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What has the Implicit Mind ever done for us?

Opinion, 29 October 2013

It seems that implicit is the new black – everybody’s talking about it, at least in the small but feverish world of advertising research. But is it a new idea and how useful is it anyway?

The idea of the implicit mind has been around for quite a while - probably since the 1970s, but received a huge boost in the 1990s with the advent of cognitive neuroscience - particularly through the work of neuroscientists like Antonio Damasio and Joseph Le Doux, with its emphasis on unconscious, emotional response. And more recently, of course, there’s been behavioural economics - particularly the work of Daniel Kahneman, who talks about fast effortless and unreflective thinking (System 1) vs. the effortful, reflective and conscious kind (System 2).  Kahneman’s key point is that whereas System 1 is automatic, System 2 is not.

I’m not going to get hung up on the relative merits of these various approaches because I believe for our purposes (as marketers and advertisers) there’s a simple operational definition that does the job:  

The Implicit mind is the bit we’re not aware of, but which influences most of what we do.

So how does stuff get into the implicit mind? One route is through explicit (active) learning: we continually process information consciously (in our Working Memory), but then forget about it. Another more interesting route, however, is the one suggested by Robert Heath a decade or so ago (in The Hidden Power of Advertising, 2001). He proposed that brand information can be acquired through passive/implicit learning at levels of low (or no) attention.  His key point was that such learning takes place independent of attention and reinforces (non-rational) associations which become linked to the brand - producing associations that are enduring and which can trigger emotional markers which in turn influence intuitive choice. In short, emotional associations (from advertising) are more likely to be processed implicitly than explicitly.

When we consider the value of the implicit mind to marketers or advertisers, the key point is its (almost infinite) ability to encode and store implicit associations- as compared with the finite (and ephemeral) nature of associations stored in our Working Memory. This is great news for brands because:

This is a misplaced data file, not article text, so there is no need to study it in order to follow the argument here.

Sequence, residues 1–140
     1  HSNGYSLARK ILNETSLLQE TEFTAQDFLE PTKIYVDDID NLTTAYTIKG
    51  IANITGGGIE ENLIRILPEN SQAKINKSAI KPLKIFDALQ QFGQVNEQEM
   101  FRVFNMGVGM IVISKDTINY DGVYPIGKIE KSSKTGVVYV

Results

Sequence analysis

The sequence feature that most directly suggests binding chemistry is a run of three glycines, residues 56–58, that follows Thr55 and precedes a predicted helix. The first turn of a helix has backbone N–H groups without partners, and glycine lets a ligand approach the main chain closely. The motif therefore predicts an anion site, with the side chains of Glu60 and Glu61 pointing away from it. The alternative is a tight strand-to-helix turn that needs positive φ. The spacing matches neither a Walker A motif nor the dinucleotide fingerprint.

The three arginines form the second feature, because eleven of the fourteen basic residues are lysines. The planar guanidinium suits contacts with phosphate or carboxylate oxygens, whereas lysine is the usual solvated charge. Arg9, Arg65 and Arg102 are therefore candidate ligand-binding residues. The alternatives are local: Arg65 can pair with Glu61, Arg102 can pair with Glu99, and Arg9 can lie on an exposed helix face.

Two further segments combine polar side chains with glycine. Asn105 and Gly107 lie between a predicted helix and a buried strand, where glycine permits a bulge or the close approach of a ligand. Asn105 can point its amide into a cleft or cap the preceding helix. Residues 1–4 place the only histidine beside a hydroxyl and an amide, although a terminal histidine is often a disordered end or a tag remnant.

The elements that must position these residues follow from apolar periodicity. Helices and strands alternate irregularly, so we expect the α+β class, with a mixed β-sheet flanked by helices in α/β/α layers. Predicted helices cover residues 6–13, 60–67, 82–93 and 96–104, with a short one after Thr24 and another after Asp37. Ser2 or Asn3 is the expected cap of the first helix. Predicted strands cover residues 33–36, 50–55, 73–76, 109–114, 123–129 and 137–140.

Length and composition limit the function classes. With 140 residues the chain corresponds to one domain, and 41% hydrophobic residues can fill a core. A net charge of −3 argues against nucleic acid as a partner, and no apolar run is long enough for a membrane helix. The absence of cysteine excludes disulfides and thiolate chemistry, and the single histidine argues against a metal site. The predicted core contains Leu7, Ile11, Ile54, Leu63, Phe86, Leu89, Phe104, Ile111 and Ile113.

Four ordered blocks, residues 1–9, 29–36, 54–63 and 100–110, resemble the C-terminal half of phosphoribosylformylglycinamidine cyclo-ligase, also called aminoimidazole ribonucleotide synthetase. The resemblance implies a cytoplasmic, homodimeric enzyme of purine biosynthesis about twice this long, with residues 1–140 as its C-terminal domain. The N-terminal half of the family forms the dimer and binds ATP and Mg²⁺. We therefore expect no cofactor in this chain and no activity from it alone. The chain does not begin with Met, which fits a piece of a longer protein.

• Implicit processing is fast/unreflective – meaning that brands may be selected (automatically) with minimum expenditure of cognitive energy
  • Although advertising may fade from Working Memory, it leaves traces in implicit memory – so even though advertising may no longer be recalled, it is still ‘working’ (at some level)
  • Some of these (implicit) associations may be emotionally ‘tagged’ and therefore highly significant influencers of future behaviour
  • Those associations can be refreshed or triggered by new advertising – thus building implicit associations over time that can trigger behaviours

Finally,  the recent work of Binet & Field (The Long & the Short Of It, 2013)  demonstrates the power of non-rational (emotional) communication in building long-term value – suggesting that the implicit mind with its web of automatic associations, operating ‘below the radar’ of our conscious mind – is just too important for marketers and advertisers to ignore.

About the author

David Penn is MD of award winning agency Conquest, based in London's Kensington. The company is one of the UK's leading independent researchers, boasting ongoing clients such as Heinz, Pizza Hut, L'Oreal, Pernod-Ricard, KFC and eBay. Conquest carries out both quantitative and qualitative research and, most importantly, is a pioneer of innovative online research methodology, welding neuroscience and behavioural economics with traditional communications theory.

Before starting Conquest out of sheer frustration with what many research agencies had to offer, Penn amassed a wealth of experience in marketing and research spanning both client and agency sides of the business, honing his skills at Lever Bros and UB.

Penn has published and presented widely on marketing and brand research recently, at MRS, ESOMAR, WARC and ARF conferences as well as running a regular blog on WARC website. In the last 6 years, he and his team have been shortlisted, commended or won outright a total of 18 industry awards, garnering the prestigious innovation in Research Methodology award for 2014. Industry leader David Smith identified Penn as one of the key contributors to helping us understand "how developments in neuroscience mean we should be laying down a new theory of market research." Veteran industry blogger 'Left Field' and other peers admire the trail-blazing proprietary methodologies developed by Penn and his team to measure brand emotional engagement and viral potential. Penn's "fantastic (work shows) that nowhere is emotional engagement more important than for campaigns hoping to enjoy viral success and word-of-mouth."